US gymnast Suni Lee will leave Tokyo with a gold, silver, and bronze medal, but there is just one more thing she has to have.
The 18-year-old said one of the first things she’ll do when she returns home to St. Paul, Minnesota is see her family and get some good food.
“I want Chick-Fil-A so bad,” Lee told USA Today. “We’ve had the same food every single day being here.”
Let’s hope she doesn’t return from Tokyo on a Sunday.
Suni Lee is going to have to pack a lot into her return trip home to Minnesota because six days after she lands she is moving to Alabama to attend Auburn University where she’ll be a member of the Tigers gymnastics team. And yes, she’s taking her medals with her.
“I don’t want to lose them, and I don’t want anything to happen to them,” Suni Lee said. “I’m probably going to take my worlds medals too, just in case. I think it’s a really good reminder and it’s gonna push me every single day to be even better.”
Lee won a gold medal in the Women’s All-around Individual competition. She also earned a silver medal as part of the Women’s All-Around Team event. And she won a bronze medal in the Women’s Uneven Bars.
“I’m super proud of myself. Not very many people can say that they come to the Olympics their first time and bring home three medals,” Lee said. “It’s so crazy how this Olympics experience has been. It’s been probably the weirdest one, so I’m really excited to go home and kind of let it all sink in.”
Suni Lee Set Up for a Big Payday after Olympics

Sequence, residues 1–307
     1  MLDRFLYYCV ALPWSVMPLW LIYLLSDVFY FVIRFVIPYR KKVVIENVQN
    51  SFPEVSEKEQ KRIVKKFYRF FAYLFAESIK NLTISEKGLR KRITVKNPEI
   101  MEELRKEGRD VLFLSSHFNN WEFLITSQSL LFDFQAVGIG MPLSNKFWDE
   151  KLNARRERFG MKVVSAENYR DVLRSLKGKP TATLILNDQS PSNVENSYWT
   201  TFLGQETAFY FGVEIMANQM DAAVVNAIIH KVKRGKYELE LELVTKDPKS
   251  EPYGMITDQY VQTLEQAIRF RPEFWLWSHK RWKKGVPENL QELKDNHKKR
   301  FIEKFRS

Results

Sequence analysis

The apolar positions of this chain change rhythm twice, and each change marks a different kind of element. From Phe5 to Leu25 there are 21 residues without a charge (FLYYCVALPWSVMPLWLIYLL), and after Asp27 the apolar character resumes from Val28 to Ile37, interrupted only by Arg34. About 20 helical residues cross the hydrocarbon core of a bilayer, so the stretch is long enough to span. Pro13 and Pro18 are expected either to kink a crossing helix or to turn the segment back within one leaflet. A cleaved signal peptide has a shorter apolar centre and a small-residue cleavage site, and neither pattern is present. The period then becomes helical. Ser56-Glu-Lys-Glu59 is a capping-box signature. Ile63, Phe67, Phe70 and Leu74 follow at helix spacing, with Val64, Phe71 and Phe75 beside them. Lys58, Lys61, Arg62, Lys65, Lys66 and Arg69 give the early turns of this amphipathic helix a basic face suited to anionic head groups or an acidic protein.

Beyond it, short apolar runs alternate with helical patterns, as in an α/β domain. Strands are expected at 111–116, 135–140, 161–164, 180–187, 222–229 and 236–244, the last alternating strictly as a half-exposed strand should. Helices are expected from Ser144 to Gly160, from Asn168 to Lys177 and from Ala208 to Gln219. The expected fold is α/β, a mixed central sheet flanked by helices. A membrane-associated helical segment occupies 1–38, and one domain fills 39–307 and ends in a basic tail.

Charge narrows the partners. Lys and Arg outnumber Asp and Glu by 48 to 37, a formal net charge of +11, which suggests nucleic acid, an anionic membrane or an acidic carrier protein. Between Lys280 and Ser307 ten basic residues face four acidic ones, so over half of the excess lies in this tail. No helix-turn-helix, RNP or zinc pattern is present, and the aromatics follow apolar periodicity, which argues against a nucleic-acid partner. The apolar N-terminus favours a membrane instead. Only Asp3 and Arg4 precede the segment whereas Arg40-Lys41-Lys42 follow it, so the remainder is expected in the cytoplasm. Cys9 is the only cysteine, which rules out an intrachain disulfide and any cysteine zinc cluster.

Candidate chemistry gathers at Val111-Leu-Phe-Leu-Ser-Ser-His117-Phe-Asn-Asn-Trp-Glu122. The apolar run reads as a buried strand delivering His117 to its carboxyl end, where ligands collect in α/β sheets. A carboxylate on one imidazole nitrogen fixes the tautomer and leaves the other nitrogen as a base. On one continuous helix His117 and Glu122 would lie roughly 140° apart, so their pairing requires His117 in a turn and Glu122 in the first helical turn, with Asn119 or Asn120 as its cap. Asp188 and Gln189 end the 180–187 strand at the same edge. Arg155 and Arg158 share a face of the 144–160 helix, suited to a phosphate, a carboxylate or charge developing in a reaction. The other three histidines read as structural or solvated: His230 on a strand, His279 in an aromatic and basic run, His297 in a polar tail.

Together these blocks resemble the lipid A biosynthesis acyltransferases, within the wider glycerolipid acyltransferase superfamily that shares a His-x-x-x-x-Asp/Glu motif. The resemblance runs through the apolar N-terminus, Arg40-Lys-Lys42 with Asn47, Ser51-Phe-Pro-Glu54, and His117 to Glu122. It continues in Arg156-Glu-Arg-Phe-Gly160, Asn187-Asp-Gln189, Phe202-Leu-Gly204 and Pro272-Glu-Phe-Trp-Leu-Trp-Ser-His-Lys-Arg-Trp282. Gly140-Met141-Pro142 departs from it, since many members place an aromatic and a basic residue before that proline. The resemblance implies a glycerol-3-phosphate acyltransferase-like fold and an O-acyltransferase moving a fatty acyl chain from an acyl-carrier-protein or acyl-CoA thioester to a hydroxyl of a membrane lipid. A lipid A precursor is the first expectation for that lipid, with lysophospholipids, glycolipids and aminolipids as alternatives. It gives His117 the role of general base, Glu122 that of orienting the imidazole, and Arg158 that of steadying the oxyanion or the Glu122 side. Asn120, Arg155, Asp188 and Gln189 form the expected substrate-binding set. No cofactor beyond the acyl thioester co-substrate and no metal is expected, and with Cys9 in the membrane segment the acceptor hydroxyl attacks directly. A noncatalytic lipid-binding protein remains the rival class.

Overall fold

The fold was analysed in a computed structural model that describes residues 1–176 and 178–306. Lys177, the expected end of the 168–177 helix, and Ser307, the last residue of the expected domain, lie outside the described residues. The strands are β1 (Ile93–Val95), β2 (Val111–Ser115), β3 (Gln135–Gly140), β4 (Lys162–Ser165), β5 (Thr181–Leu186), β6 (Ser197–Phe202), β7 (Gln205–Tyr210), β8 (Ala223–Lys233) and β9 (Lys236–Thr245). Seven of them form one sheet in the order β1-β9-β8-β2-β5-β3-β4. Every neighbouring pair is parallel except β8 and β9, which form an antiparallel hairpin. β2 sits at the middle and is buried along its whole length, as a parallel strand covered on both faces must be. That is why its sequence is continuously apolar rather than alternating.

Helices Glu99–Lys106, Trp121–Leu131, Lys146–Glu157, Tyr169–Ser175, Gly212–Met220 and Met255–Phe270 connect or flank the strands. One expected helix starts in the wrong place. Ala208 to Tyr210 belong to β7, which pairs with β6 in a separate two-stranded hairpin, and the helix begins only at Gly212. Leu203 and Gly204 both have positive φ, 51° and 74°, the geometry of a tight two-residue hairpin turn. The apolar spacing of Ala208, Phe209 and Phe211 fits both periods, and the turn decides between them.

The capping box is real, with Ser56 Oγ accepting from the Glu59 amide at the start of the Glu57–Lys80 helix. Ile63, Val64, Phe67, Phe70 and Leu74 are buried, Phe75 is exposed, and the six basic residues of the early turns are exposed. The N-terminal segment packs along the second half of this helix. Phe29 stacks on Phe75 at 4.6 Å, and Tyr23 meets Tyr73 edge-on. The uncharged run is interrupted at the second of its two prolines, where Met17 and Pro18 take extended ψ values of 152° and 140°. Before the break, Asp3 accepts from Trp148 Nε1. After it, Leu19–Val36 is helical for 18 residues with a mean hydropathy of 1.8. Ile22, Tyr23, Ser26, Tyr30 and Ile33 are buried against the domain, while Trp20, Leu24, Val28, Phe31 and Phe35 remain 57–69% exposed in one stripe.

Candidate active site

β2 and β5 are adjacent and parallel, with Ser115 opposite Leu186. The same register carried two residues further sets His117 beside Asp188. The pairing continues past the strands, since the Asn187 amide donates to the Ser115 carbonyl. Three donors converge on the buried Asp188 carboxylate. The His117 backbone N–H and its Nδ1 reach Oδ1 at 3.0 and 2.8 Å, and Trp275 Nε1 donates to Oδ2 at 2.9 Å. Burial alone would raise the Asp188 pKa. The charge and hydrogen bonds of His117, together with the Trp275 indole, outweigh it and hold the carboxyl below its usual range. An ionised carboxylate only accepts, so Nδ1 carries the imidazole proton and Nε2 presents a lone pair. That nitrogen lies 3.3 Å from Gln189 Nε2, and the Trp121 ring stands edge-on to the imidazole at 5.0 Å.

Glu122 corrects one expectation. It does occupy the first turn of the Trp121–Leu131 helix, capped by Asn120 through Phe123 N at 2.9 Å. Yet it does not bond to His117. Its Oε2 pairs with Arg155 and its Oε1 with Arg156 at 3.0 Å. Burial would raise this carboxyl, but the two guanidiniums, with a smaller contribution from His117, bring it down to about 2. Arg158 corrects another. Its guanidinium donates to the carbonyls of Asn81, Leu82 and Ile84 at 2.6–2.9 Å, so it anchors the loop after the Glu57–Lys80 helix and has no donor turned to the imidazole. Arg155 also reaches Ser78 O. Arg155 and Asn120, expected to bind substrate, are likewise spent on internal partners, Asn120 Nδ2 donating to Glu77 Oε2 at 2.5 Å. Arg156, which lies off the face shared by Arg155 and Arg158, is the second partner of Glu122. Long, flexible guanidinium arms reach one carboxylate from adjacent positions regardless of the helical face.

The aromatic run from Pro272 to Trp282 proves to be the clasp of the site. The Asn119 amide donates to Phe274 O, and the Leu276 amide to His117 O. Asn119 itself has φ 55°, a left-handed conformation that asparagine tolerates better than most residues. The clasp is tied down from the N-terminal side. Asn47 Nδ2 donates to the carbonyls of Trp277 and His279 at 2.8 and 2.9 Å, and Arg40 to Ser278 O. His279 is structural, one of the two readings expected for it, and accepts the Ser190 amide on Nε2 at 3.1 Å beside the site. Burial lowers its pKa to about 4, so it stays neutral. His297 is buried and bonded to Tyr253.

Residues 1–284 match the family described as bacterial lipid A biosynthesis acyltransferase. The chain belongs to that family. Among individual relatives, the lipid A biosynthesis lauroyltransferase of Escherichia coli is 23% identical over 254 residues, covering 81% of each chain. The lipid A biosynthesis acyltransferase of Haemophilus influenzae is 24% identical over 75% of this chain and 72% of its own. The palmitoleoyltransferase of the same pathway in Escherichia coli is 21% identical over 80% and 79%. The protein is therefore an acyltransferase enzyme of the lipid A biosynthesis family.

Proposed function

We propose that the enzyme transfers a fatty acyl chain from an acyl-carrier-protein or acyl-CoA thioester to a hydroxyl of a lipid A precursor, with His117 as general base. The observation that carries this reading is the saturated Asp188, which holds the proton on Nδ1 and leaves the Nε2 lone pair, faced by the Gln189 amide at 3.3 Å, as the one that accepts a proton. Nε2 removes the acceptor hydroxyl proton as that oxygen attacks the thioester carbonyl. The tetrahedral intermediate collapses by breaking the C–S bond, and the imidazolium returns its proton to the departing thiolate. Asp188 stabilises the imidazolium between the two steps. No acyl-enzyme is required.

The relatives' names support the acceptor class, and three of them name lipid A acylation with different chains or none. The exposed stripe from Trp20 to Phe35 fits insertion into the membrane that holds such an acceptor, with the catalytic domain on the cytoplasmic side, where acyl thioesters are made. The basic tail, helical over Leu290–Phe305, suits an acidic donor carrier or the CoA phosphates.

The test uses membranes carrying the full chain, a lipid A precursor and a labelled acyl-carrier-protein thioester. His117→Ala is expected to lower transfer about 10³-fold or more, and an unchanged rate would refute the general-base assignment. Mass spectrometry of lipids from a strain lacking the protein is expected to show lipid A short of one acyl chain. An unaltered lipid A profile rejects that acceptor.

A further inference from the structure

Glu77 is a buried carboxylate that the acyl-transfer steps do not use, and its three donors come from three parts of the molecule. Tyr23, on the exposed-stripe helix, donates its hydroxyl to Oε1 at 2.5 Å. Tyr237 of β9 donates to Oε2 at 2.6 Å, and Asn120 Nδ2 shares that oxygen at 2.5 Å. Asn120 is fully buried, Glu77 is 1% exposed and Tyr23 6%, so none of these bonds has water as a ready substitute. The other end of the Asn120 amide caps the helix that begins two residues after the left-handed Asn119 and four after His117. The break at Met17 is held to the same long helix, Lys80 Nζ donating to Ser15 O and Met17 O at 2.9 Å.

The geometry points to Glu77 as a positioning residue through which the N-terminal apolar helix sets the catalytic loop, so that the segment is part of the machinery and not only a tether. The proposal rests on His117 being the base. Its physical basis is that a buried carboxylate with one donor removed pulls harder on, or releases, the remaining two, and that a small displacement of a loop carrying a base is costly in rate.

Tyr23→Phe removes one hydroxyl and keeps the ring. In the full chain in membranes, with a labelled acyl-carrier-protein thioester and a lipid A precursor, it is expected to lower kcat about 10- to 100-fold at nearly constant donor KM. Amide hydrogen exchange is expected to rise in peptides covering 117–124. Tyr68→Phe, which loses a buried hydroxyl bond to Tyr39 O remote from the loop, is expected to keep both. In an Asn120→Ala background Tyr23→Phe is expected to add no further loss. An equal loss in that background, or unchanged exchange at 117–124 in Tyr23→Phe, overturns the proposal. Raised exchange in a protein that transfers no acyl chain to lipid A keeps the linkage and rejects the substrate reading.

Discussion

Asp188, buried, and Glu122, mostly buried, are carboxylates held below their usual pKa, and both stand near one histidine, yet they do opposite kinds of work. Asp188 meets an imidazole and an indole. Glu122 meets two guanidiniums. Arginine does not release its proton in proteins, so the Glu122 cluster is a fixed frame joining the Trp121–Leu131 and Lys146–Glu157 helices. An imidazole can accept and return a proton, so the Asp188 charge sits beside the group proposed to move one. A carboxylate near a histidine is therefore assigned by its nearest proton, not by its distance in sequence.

Lee became one of the standout competitors from the Tokyo Olympics when she helped continue America’s unbeaten streak in the Women’s All-Around Individual Competition. An American has taken gold in the event for the past five Olympics now, NBC News said. A streak that was in jeopardy after Simone Biles, likely America’s greatest gymnast ever, withdrew from the competition to focus on her mental health.
Because of Lee’s performance, she will likely be inundated with endorsement deals. Biles became a star after a standout performance at the 2016 Rio Olympics.
And thanks to an NCAA rule change, Suni Lee won’t have to choose college or cash. The NCAA will allow athletes to make money off of their name, image, and likeness (NIL) beginning this year. US Swimmer Katie Ledecky wasn’t so lucky after the 2016 Games when she had to turn down all endorsement offers to attend Stanford University.
Lee’s gymnastics coach at Auburn, Jeff Graba, said he’s so happy that collegiate athletes aren’t put into that position anymore.
“I just love the fact that… thank goodness for the NIL, because she doesn’t have to make a horrible decision,” Graba said, according to al.com. “She’s capable of, in her words, ‘I want it all. I want to be able to do everything.’ Now she actually gets that shot.”